When you’re looking for a job, your CV is the very first thing you need to have sorted before you even think about applying for anything.
At its most basic level, your CV (short for curriculum vitae, or you might sometimes see it referred to as a resume) is an overview of your education and experience. The point is to give a potential employer an idea of what you might bring to the role.
But it’s very much more than that. Your CV is a marketing document. It’s pretty much what stands between a first interview and a ‘thanks for your application, but…’ email.
What should go in a CV
Your name and contact details. You don’t need to include your full address if you don’t want to, but a suburb at least will reassure a hiring manager that you’re local (if the role isn’t remote).
A profile or highlight section. This sums up in just a few paragraphs what you have to offer as a candidate, such as your strengths and achievements. If you’ve done an Extended DiSC profile, you could include information from that here. Essentially it’s setting a hiring manager up for what they can expect to see from the rest of your CV.
Your experience. If you’ve had jobs before, focus on what you actually achieved in them rather than just the duties. If you’re applying for your first job, look at other things you’ve done with transferable skills. Have you had leadership roles at school or sport? Done small regular jobs in your neighbourhood? Done volunteering? All these should be in your CV, as long as they’re relevant.
Education. This is a short section, just list your qualifications, when you got them, and where from. If you’ve done extracurricular exams like Trinity College, include them here.
Optional ‘other’ section. This might include things like Duke of Edinburgh or volunteer work that doesn’t belong under experience. Or say you’re applying to work at Glassons and you have a (work-appropriate) TikTok page about personal styling. These are incidental details that give more of a picture of who you are.
What shouldn’t go in a CV
Your own subjective descriptions of yourself, like ‘strong leadership skills’ or ‘hard worker’. Stick to facts only – if you’ve got strong leadership skills, they should be obvious from the contents of your CV.
Anything that might create unconscious bias. It’s so sad that we have to think about this, but leave out things like photos.
Gimmicks. There’s a temptation to want your CV to really stand out by doing something wild and crazy. Very occasionally it works – I have a friend who got a job by writing his CV as a comic book – but not often. A well-written, well-formatted CV also stands out, just because so many aren’t!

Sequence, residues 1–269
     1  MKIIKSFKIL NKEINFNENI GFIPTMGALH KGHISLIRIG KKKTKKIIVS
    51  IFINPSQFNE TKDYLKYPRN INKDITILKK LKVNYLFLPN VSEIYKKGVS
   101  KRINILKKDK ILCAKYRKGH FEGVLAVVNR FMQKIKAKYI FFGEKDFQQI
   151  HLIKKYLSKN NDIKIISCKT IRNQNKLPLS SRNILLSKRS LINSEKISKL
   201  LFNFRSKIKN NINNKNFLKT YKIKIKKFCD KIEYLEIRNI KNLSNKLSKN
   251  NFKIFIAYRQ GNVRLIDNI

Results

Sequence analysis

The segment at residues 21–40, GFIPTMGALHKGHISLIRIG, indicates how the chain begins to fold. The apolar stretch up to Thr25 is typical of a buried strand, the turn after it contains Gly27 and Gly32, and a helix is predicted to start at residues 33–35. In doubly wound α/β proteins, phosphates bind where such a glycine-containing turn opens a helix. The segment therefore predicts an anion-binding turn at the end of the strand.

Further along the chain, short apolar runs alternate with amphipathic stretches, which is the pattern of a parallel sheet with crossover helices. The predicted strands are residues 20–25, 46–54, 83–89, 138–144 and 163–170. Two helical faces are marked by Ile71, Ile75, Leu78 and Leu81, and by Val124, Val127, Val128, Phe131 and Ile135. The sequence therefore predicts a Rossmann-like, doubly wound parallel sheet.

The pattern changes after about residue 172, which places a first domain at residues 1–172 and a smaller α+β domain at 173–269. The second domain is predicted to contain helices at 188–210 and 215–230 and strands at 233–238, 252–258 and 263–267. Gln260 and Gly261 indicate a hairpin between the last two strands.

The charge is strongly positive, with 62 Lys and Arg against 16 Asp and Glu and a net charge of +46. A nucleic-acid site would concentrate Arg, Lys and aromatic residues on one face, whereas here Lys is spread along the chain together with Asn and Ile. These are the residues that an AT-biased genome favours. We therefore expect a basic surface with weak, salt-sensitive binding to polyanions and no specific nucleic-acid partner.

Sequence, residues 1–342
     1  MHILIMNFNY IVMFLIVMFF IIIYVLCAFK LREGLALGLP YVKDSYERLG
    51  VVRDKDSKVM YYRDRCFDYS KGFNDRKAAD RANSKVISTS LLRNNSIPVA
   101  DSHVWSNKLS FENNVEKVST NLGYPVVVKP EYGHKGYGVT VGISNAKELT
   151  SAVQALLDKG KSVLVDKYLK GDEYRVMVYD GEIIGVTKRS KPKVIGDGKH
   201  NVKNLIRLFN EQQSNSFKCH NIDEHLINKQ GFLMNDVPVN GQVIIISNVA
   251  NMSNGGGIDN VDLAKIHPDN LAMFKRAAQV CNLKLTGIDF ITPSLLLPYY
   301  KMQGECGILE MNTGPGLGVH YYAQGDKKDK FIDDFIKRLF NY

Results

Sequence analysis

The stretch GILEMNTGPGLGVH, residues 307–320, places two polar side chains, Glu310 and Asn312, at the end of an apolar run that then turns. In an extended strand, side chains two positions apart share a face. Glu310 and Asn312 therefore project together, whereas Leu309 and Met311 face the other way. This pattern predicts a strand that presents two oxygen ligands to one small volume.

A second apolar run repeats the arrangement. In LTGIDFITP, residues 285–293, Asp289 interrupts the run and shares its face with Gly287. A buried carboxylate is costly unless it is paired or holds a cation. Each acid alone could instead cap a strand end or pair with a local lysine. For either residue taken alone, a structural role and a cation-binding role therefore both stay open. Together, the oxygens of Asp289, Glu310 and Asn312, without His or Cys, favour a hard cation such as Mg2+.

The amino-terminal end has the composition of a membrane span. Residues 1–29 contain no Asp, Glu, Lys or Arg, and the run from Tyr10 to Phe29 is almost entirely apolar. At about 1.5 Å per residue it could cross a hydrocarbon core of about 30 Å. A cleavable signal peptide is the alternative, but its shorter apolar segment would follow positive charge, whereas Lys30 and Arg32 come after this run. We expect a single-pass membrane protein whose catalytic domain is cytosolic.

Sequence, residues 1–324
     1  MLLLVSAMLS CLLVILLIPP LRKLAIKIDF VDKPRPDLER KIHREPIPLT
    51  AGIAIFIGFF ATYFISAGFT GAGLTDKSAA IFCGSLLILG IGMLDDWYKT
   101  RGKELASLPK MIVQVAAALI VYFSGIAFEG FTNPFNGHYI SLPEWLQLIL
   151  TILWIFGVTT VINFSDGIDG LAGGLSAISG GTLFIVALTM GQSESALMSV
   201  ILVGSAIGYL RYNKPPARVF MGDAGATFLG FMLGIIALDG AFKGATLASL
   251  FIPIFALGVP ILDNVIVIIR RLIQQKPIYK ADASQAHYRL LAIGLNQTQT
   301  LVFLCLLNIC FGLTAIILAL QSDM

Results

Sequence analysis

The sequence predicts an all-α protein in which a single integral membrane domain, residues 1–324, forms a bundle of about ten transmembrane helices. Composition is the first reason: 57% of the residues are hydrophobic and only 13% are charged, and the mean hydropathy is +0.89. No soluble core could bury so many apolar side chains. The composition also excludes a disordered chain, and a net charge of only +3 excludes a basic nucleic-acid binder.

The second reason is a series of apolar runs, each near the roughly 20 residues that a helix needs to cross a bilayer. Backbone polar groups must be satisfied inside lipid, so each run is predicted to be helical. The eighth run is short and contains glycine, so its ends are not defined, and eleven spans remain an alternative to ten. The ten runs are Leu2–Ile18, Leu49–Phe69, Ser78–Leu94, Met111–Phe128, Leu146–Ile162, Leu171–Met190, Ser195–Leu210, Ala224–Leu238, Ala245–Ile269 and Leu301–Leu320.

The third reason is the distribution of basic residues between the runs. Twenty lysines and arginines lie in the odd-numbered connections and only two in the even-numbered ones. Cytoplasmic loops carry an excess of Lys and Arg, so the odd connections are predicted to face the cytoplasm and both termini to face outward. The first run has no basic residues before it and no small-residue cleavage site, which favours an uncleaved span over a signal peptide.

Long descriptions. Keep it short and sweet – no CV should be more than a couple of pages.
Referees. Don’t bother to include referee details – it’s standard practice for hiring managers to just ask for their contact info if they want to move you forward. Make sure you ask your referees first!
How to write a CV
So that’s what should and shouldn’t go in a CV. Here’s what else you should know:
Keep the formatting simple and easy to skim. You get about 10 seconds to get their attention, so use bullet points and clear typefaces.
Your experience is the most important thing, so that goes at the top.
Always have in mind what you can bring to a role
Try and tailor your CV for every role you apply for – this doesn’t have to take ages, just make sure that you highlight the things that strengthen your candidacy for that particular job
Get help with your CV
If you’re trying to put together a CV and struggling, know that this is really common, especially if you don’t feel like you’ve got much to put there.
Thrive for Girls can help! Check out our CV service. We can create a customised, professionally-formatted CV and cover letter for you, along with provide personalised coaching and advice about how to manage the whole job hunting process.
Just contact email@example.com – it’s that easy.
Author - Coach Lucy Smith Lucy studied at the University of Waikato, completing a Bachelor of Arts, majoring in English. She holds a Graduate Certificate in Professional Coaching from the Southern Institute of Technology. Lucy is available to support students and schools in Hamilton and the Waikato face to face and for anyone else via zoom. Learn more about her HERE. Don't Miss A Thing. Our subscribers are the first to know about new courses and special offers. Simply let us know you're interested by emailing us at firstname.lastname@example.org